Wie's 82 could have been much worse

SOUTHERN PINES, N.C. -- There was something appropriately symbolic about the way the morning began. As about a dozen players warmed up Thursday for the first round of the U.S. Women's Open at Pine Needles Lodge & Golf Club, Michelle Wie was off to the extreme right side of the range, hitting balls under the watchful eyes of her mother, father, coach, caddie and manager. The only thing more appropriate would have been if she were to the far left, the area of the course where most of her many wayward shots ended up in a first-round 82 that pretty much guarantees she will miss the cut in a women's major championship for the first time in 15 tries.

Playing with Natalie Gulbis and Christina Kim -- the same two with whom she was paired in the first round of her first LPGA major, the 2003 Kraft Nabisco Championship, where she finished an astonishing T-9 at the age of 13 -- Wie had the luxury of spending the 5-hour, 9-minute round with two of her friends on what has become an increasingly unfriendly tour for Team Wie. But there was little time for idle chatter as Wie struggled with her swing right out of the box -- on No. 4 her snap hook barely cleared the hazard only to go out of bounds -- and never appeared comfortable on the golf course.

Her comments after the round showed an odd disconnect between the way she perceived the day and what appeared to be reality. "It's just a very fine line between shooting 69 and shooting what I shot today," she said. "It's really frustrating because my scores aren't showing the way I'm playing."

That's true, but not in the way she meant. Her 82 on Thursday could have been a lot higher. She hit only four fairways and four greens, and on several occasions had wayward shots take fortunate bounces, including on No. 14 where she clanked an iron from a perfect lie in the fairway off the bleachers left of the green. She one-putted six of the first 10 greens, but the patchwork game she had cobbled together soon collapsed and she played the final eight holes in 8 over par, shooting a 44 on the back nine.

Mixed in with a shocking array of snap hooks and high block-outs that sailed far right, there were enough glimmers of greatness to remind one of the way Wie has played in the past. At times a double-bogey was turned into a bogey or a par was saved by a stunning shot. She hit several spectacular bunker shots, made a couple of sensational chips that demonstrated delicate touch and rolled in a half-dozen putts in the 8-foot range. It was really a round closer to 89 than to 69. The "fine line" between 69 and what Wie shot in the first round was more like a chasm between fantasy perception and cruel reality.

It was the 22nd consecutive round in which Wie has failed to break par, stretching back to the final round of the Evian Masters last July. In 14 previous LPGA majors she has finished in the top five six times, but in her most recent major -- the McDonald's LPGA Championship earlier this month -- she finished last, 35 strokes out of first place and 10 strokes out of next-to-last place.

That performance came one week after she withdrew from the Ginn Tribute, citing injury, and then showed up at Bulle Rock, the McDonald's course, two days later to practice, angering LPGA players who saw it as a lack of respect for their tour. It was clear from comments early in the week here by Annika Sorenstam, host of the Ginn tournament, that not much has been done to repair the damage. The result is not much sympathy for her poor play.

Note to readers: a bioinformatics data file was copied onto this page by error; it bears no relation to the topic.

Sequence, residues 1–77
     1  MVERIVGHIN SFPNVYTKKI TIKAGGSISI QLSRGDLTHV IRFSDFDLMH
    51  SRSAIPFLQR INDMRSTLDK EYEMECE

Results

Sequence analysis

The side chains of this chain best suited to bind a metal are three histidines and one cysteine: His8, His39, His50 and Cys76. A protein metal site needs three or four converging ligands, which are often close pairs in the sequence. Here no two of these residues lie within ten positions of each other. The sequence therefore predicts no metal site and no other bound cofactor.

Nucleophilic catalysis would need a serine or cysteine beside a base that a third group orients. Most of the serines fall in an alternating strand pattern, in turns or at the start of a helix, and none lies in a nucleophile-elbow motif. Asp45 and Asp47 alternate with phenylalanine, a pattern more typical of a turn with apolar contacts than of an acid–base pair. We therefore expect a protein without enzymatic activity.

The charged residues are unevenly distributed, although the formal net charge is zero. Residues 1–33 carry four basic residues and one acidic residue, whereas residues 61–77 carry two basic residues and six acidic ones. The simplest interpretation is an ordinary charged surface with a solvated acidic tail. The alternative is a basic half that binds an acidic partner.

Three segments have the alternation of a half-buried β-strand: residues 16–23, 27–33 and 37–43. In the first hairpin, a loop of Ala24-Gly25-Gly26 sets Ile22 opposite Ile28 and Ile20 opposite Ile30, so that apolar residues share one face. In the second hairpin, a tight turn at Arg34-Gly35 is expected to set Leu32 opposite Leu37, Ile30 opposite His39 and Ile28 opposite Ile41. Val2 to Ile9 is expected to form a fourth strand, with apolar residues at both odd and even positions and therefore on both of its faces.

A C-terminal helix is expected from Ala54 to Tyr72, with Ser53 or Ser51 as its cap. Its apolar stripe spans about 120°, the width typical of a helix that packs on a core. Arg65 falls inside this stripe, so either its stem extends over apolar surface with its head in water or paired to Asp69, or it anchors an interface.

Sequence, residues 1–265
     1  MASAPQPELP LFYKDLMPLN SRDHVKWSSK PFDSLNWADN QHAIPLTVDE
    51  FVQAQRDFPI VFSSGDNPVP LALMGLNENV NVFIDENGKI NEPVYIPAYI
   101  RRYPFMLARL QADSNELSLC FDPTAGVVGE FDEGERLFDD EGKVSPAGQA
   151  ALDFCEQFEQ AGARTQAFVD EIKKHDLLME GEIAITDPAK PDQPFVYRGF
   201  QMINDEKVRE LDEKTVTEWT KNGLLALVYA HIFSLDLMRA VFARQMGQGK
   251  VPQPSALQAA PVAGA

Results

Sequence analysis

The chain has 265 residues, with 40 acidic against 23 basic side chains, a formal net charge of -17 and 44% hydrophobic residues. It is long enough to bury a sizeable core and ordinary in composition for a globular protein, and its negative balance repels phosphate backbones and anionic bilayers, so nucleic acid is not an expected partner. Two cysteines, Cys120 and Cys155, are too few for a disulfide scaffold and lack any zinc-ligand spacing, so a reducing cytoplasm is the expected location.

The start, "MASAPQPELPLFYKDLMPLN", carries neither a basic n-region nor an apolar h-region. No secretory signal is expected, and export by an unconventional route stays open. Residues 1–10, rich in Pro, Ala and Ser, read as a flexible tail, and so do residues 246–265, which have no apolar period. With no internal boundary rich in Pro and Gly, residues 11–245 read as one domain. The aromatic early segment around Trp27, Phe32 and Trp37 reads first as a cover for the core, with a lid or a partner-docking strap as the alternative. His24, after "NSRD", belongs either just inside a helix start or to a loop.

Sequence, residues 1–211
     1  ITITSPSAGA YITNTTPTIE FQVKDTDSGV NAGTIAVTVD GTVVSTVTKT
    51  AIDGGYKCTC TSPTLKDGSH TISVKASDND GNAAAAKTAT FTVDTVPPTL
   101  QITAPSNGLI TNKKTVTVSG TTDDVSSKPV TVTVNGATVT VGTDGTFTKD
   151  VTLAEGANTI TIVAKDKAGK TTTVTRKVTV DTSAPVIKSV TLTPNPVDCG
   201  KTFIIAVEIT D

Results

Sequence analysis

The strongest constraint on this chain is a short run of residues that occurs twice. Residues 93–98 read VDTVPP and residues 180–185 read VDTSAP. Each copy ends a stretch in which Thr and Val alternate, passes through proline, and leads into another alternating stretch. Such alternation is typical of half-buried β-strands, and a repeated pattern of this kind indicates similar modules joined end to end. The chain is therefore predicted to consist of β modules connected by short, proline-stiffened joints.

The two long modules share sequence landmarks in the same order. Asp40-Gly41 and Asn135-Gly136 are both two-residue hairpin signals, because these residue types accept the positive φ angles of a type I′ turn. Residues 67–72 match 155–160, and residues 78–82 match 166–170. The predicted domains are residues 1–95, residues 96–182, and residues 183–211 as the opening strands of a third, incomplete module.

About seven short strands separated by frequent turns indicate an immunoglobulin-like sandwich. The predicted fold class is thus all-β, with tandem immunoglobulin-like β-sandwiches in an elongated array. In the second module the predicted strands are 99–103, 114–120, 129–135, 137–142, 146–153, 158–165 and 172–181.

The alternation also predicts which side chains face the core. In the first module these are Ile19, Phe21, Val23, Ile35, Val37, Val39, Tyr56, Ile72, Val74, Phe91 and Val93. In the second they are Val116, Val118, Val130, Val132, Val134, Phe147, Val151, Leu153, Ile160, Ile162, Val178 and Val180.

The decline in Wie's play that began last year at the Evian Masters was accelerated after the Sony Open on the PGA Tour in January when Wie suffered an injury to her left wrist she said came in a jogging accident. According to Wie, she went several months without hitting balls and lost both hand strength and confidence in her swing during that time period.

"I'm really shaky off the tee," Wie said. "I just have to play through it. I just need one round where all my shots work to get my confidence back. I need to trust that the ball will land somewhere in North Carolina."

Wie did not appear to be experiencing any discomfort from her wrist on Thursday. She played without the wrist wrap she wore at the McDonald's, and, unlike at that event, did not have a physical therapist with her to apply on-course treatment. On several occasions she took the kind of aggressive swings from the deep rough that would not have been possible with a sore wrist.

The part of her game that seems to be suffering most is trust. What appears to be going on is more a crisis of confidence than it is the result of an injury. On the range, Wie's coach, David Leadbetter, had Michelle swinging with a Gary Player-like step-through move in which she would follow the flight of the ball by taking a step toward the target. "It's forcing me into trusting my shots," Wie said, "because right now all I need is the confidence to play well.

Certainly, nothing that happened in Thursday's first round at Pine Needles was going to make Wie feel any better about her game. Wie has already withdrawn from the John Deere Classic on the PGA Tour in two weeks and her next scheduled event is the Evian Masters in France in late July, followed by the Women's British Open and the Women's Canadian Open. In September, she'll be off to Stanford University to begin her freshman year. Right now, the escape offered by college probably seems like a great alternative to Wie, who has been getting some harsh lessons in the school of hard knocks.

Ron Sirak is the executive editor of Golf World magazine.